First, don’t let yourself get intimidated by the fancy moniker of “thought leadership.” Don’t assume what you have to say isn’t valuable, or that you can’t become a thought leader. It’s just a different approach. It’s not unlike the difference between a classical piano instructor and a concert pianist. Both are highly skilled. Both are passionate. Both have years of experience.
The difference with the concert pianist is that he or she has chosen to take their music to a larger direct audience and present their talents publicly with all of the risks, responsibilities and accolades that come from a solid performance. Not only that, they adopt a leadership role, working to inspire others to elevate the craft at large.
That’s not to say that it’s an easy leap from expert to thought leader, but rather one that can be approached methodically, like any skill.
Many Types of Fish, Many Types of Ponds
A thought leader in small town Nebraska is no less a thought leader than someone in New York. While the latter may have the benefit of a larger audience directly in their backyard, The web has had a profound effect on making the world a much smaller place
Of course there are thought leaders in any industry that have made a global name for themselves, but that’s not the only pond to play in. Trade organizations, for example, are frequently launching regional versions of their primary events, which still include similar content formats (e.g. speakers, breakout sessions, etc.)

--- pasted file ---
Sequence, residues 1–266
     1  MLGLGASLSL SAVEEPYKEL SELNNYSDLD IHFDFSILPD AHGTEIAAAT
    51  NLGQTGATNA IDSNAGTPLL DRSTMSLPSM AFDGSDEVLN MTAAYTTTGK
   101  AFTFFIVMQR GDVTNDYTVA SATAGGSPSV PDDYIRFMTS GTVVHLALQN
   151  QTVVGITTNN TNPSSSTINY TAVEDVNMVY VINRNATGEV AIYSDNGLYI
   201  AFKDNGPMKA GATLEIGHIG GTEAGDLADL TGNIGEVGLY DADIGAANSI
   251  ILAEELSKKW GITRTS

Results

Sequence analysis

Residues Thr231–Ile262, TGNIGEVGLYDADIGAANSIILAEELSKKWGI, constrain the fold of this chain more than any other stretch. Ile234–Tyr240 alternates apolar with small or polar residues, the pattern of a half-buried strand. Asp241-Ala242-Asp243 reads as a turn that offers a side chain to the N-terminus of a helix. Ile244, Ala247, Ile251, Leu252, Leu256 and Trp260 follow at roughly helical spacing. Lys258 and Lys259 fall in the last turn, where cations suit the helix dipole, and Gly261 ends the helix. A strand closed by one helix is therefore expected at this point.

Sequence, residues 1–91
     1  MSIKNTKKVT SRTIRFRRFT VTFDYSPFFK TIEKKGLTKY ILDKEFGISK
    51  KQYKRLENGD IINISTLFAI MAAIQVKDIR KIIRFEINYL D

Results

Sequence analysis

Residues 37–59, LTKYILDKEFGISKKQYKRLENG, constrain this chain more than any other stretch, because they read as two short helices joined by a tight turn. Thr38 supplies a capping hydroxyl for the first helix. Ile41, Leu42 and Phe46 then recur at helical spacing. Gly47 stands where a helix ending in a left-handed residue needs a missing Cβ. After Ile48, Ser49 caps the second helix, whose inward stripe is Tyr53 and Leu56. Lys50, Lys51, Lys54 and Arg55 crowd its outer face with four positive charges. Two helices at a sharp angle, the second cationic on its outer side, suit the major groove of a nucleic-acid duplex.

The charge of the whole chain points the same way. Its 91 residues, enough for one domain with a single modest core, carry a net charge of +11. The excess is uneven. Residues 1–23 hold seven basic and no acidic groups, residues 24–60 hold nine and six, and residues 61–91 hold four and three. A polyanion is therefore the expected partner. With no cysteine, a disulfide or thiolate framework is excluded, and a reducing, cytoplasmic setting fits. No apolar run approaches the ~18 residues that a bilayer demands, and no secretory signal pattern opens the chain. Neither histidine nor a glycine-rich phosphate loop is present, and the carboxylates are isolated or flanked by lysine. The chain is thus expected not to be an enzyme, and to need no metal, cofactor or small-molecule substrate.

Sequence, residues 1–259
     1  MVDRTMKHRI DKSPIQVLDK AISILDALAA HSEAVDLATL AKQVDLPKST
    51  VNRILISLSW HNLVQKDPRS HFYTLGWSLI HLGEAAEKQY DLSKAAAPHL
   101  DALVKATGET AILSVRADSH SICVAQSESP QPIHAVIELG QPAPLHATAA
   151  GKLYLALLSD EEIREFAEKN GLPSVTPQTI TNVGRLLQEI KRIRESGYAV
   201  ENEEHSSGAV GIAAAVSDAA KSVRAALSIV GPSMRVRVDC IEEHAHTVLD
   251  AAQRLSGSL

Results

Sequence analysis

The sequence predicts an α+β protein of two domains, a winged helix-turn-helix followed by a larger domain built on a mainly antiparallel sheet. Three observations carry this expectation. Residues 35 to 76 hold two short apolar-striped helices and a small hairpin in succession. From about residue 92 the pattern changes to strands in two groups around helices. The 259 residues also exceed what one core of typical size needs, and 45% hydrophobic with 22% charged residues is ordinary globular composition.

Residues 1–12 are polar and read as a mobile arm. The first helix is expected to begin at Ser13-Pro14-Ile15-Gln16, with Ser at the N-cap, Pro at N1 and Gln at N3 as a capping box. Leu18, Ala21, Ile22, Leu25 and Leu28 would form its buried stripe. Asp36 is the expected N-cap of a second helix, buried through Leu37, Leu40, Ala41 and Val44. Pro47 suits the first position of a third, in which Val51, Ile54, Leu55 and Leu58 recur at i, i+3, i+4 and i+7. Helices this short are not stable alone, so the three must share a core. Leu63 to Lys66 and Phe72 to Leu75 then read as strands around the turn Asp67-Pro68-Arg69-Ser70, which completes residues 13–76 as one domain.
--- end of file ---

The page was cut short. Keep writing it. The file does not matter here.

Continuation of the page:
The digital ecosystem is continuing to grow in its ability to link prospects and service providers, and with sites like LinkedIn encouraging their members to blog directly in-platform, the possibilities of reach within a targeted segment are enormous, regardless of where you call home. So if you can manage to see yourself as qualified as anyone (assuming you have the expertise to back it up) it’s just a matter of getting started.
What am I Passionate About?
There’s a belief that how something is said is as important as what is said. It’s true. We can all relate to being enthralled by someone speaking on a topic, even when we don’t find that particular topic interesting at all. So what’s the secret?
It’s passion. It’s charisma. It’s the ability to detect that the person speaking (or writing) has a genuine interest in what they’re talking about, and have a passion for communicating it to an audience. And conversely, we can all detect general disinterest or feigned interest. So ask yourself “What am I enthusiastic about?”
That is thought leadership at its core. It’s the ability to take what you know and inspire, engage, and empower an audience.